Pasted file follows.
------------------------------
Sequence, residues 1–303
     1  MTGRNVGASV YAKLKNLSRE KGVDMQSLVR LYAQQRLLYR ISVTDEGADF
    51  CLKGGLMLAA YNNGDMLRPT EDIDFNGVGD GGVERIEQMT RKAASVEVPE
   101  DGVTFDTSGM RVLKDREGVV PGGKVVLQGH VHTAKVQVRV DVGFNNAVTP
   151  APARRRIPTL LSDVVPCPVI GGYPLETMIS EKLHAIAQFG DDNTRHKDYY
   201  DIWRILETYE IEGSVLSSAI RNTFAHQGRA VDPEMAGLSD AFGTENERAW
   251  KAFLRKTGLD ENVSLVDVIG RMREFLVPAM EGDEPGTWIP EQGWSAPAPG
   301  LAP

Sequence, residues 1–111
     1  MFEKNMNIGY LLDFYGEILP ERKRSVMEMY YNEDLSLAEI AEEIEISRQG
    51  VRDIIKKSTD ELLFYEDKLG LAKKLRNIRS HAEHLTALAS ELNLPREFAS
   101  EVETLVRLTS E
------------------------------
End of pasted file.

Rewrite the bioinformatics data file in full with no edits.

Sequence, residues 1–303
     1  MTGRNVGASV YAKLKNLSRE KGVDMQSLVR LYAQQRLLYR ISVTDEGADF
    51  CLKGGLMLAA YNNGDMLRPT EDIDFNGVGD GGVERIEQMT RKAASVEVPE
   101  DGVTFDTSGM RVLKDREGVV PGGKVVLQGH VHTAKVQVRV DVGFNNAVTP
   151  APARRRIPTL LSDVVPCPVI GGYPLETMIS EKLHAIAQFG DDNTRHKDYY
   201  DIWRILETYE IEGSVLSSAI RNTFAHQGRA VDPEMAGLSD AFGTENERAW
   251  KAFLRKTGLD ENVSLVDVIG RMREFLVPAM EGDEPGTWIP EQGWSAPAPG
   301  LAP

Sequence, residues 1–111
     1  MFEKNMNIGY LLDFYGEILP ERKRSVMEMY YNEDLSLAEI AEEIEISRQG
    51  VRDIIKKSTD ELLFYEDKLG LAKKLRNIRS HAEHLTALAS ELNLPREFAS
   101  EVETLVRLTS E